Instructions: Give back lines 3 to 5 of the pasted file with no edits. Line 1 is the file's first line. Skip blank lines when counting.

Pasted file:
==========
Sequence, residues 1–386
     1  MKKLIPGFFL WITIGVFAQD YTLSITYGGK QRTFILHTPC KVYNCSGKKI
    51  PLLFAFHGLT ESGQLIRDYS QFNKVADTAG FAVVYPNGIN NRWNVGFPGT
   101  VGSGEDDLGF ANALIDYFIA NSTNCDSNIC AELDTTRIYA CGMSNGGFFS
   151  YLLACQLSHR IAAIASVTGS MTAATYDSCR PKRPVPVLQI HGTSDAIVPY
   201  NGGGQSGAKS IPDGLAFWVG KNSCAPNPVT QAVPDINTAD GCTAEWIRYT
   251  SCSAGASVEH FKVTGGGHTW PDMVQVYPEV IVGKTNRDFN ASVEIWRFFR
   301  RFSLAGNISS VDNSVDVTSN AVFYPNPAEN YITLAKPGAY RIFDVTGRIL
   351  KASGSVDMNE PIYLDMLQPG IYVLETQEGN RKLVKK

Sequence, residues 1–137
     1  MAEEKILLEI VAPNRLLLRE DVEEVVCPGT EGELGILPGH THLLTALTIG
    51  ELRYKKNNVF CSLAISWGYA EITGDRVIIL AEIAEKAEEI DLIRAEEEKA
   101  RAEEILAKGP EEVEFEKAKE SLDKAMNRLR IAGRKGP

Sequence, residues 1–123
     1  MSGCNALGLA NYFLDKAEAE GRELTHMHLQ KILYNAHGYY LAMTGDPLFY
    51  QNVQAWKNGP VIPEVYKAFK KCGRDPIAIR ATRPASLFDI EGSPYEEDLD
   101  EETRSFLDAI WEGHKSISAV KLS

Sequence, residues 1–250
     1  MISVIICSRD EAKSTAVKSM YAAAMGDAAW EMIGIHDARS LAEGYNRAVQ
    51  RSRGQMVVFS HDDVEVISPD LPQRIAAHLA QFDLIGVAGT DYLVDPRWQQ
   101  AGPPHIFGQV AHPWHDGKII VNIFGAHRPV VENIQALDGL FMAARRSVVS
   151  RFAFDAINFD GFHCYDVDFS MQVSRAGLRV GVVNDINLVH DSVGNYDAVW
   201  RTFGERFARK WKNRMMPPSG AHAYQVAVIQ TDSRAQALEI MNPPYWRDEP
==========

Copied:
    51  PLLFAFHGLT ESGQLIRDYS QFNKVADTAG FAVVYPNGIN NRWNVGFPGT
   101  VGSGEDDLGF ANALIDYFIA NSTNCDSNIC AELDTTRIYA CGMSNGGFFS
   151  YLLACQLSHR IAAIASVTGS MTAATYDSCR PKRPVPVLQI HGTSDAIVPY